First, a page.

• The reason is that dominus (from domus “house, home”) is ubiquitous as a designation of social status, a title comparable to “Lord” in origin but to “mister” in usage. When used as a title, it's obligatorily placed before the proper name (the same limitation applies to sānctus “saint”). This usage together with the original word order survives in Spanish and Italian don, Portuguese dom as honorific titles, which likewise always appear before the name: Don Giovanni (sānctus also got reduced to san). This titular reading is only reinforced by the fact that we have an address in the vocative.
  • In order to get the intended reading, then, one needs to switch the word order as Ave Nocturne Domine. Notice that the switch works exactly parallel to the English contrast between Lord Night and Night Lord.

However, the result still doesn't look quite right to me, because it ends up reading like a temporal qualification, as if some Lords are Lords always, but this Lord is nightly-only, a part-time Lord; or more generally, “nightly” somehow qualifies and restricts his Lordship. To express the meaning “Lord of the Night”, Laravel's suggestion works better in our case, even though it's true that in the general case it's the adjective and not the genitive that is often more idiomatic in Latin. Here the adjective's meaning is either too specific or too dervied – it isn't simply equivalent to a noun in the genitive.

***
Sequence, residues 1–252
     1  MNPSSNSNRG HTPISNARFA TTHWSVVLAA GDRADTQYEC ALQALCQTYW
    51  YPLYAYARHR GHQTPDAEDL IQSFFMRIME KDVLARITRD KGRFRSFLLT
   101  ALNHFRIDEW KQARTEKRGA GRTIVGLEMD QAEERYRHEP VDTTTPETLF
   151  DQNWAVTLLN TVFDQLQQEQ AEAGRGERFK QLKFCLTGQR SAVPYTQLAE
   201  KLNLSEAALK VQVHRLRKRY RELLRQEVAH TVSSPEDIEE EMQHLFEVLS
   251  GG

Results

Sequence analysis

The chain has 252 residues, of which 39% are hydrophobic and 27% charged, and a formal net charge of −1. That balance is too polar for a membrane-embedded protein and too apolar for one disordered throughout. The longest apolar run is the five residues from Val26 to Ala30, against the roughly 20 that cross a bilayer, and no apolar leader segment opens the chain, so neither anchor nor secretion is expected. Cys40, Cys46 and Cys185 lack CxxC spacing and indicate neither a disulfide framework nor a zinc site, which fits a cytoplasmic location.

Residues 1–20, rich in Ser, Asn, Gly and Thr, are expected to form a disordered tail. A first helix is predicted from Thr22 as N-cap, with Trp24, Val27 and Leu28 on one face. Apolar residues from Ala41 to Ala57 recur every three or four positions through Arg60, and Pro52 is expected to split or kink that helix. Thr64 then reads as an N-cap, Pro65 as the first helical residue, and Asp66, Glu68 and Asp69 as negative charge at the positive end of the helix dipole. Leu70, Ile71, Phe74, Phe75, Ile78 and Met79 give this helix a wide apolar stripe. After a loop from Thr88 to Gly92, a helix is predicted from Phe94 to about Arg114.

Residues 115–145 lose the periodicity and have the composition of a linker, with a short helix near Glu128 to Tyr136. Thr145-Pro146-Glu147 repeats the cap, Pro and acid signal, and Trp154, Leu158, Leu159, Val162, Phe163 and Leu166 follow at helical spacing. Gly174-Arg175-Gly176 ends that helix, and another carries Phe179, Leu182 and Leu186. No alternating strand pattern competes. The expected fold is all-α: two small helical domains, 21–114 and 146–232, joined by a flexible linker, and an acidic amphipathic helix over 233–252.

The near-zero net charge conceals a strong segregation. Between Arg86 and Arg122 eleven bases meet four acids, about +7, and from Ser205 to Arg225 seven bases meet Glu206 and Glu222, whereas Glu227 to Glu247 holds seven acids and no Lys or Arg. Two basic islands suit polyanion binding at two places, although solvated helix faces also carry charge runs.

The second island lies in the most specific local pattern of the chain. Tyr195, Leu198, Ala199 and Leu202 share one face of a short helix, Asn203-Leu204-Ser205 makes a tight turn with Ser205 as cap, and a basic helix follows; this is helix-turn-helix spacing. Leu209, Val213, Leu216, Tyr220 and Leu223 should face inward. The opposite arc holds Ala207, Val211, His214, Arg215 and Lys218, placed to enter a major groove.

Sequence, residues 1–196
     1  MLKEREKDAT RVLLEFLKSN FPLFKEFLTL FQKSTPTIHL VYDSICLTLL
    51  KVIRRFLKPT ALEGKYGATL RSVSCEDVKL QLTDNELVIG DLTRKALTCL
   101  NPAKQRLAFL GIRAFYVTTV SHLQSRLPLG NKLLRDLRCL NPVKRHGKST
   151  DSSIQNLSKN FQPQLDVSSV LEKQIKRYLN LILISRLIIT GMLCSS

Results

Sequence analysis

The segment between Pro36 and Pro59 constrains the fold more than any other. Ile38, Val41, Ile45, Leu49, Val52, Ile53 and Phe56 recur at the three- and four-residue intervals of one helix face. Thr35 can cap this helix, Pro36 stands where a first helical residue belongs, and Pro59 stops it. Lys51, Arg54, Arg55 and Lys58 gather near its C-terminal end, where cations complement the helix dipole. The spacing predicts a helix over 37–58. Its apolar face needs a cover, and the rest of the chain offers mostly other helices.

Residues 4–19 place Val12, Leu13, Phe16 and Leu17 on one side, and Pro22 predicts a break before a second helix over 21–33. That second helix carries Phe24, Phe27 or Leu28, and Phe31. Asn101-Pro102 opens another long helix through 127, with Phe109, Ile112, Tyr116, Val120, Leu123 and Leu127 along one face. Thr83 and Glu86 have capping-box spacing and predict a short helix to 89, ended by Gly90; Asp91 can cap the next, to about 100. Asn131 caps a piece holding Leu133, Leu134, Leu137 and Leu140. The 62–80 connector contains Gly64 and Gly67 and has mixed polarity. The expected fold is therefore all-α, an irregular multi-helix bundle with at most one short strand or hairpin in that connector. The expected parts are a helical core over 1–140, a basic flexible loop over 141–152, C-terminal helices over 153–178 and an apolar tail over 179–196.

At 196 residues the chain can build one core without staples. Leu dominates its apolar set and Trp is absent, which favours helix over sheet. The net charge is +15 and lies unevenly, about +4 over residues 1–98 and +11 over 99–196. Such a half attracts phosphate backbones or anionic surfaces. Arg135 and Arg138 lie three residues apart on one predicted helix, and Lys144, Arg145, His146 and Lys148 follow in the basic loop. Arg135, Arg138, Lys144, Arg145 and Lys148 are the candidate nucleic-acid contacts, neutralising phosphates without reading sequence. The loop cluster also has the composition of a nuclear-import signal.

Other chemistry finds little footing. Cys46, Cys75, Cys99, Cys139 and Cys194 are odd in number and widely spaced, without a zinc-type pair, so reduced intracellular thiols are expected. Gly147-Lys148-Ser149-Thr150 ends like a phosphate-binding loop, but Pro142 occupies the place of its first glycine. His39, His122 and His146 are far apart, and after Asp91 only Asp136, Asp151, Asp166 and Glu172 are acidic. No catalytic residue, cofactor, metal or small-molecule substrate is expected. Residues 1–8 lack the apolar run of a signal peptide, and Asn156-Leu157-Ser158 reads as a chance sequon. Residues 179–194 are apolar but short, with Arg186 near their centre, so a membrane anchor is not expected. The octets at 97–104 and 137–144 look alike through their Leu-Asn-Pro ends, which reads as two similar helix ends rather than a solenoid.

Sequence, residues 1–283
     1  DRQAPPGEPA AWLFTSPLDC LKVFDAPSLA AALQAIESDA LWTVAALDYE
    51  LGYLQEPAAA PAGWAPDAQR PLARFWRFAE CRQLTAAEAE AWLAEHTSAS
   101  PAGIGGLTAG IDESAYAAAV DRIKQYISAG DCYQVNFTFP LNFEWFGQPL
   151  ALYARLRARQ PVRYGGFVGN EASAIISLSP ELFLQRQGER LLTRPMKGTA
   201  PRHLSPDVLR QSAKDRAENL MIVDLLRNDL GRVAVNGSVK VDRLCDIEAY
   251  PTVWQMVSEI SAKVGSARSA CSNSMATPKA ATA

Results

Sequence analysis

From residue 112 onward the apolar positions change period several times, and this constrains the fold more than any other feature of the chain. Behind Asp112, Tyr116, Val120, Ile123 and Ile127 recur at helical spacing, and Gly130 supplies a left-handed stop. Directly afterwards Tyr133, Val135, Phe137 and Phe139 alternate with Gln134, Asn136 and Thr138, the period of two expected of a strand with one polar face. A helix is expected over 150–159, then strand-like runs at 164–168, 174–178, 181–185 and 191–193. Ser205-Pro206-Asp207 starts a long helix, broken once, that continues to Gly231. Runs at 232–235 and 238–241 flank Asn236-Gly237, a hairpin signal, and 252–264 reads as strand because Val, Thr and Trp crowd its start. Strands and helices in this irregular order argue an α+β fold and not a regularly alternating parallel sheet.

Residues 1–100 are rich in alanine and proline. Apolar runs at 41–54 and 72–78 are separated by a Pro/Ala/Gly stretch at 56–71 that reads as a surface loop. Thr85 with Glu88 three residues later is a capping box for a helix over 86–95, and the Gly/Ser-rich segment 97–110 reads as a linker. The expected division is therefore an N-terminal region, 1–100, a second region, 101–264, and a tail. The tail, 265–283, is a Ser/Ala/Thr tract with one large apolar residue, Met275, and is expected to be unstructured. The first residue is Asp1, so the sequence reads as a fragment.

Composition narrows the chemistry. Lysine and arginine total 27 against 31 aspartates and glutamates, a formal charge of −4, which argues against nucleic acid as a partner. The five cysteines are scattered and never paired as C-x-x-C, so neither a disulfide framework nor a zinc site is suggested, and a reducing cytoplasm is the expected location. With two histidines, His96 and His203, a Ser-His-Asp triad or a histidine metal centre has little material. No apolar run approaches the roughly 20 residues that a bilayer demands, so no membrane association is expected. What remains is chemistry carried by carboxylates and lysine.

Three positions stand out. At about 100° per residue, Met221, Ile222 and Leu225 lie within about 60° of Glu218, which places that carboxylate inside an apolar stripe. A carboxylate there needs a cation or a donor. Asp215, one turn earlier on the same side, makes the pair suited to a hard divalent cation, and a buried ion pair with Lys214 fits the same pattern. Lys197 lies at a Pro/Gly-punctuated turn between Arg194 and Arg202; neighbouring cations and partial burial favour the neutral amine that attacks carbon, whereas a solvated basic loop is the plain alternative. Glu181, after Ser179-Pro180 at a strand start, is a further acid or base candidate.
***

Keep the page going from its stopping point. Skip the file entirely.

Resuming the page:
But I have a suggestion that I think works even better! Latin has a fun little pattern of forming epithets (typically divine) with the meaning “lord, master of X” by compounding X with the participle/adjective potēns, “having power over, powerful”. For example Ignipotēns “(s)he who has mastery over fire” is an epithet of Vulcan. And ours seems to be a perfect opportunity to coin the word Noctipotēns! Since we still have a titulary address, adding Domine – this time before the name and as a title – is a good idea; besides it looks bad-ass. So in the end we have Ave Domine Noctipotēns! “Hail [honorific] He-who-has-mastery-over-night”.

But since we're speaking of bad-ass, the best solution may well be to dispense with both the antique-tinged honorific and the mythologically-tinged -potēns, and just go for plain old AVE DOMINÁTOR NOCTIS. Can't go more bad-ass than this!

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    "Joonas Ilmavirta's suggestion ave domine nocturne is unfortunately less successful – it reads as “Hail Lord/mister Nightly”, where domine is a honorific and nocturne is an adjective-derived personal name, instead of an adjective modifying the common noun dominus." <- This works better than you might think. See Plautus Amphityo 1.270.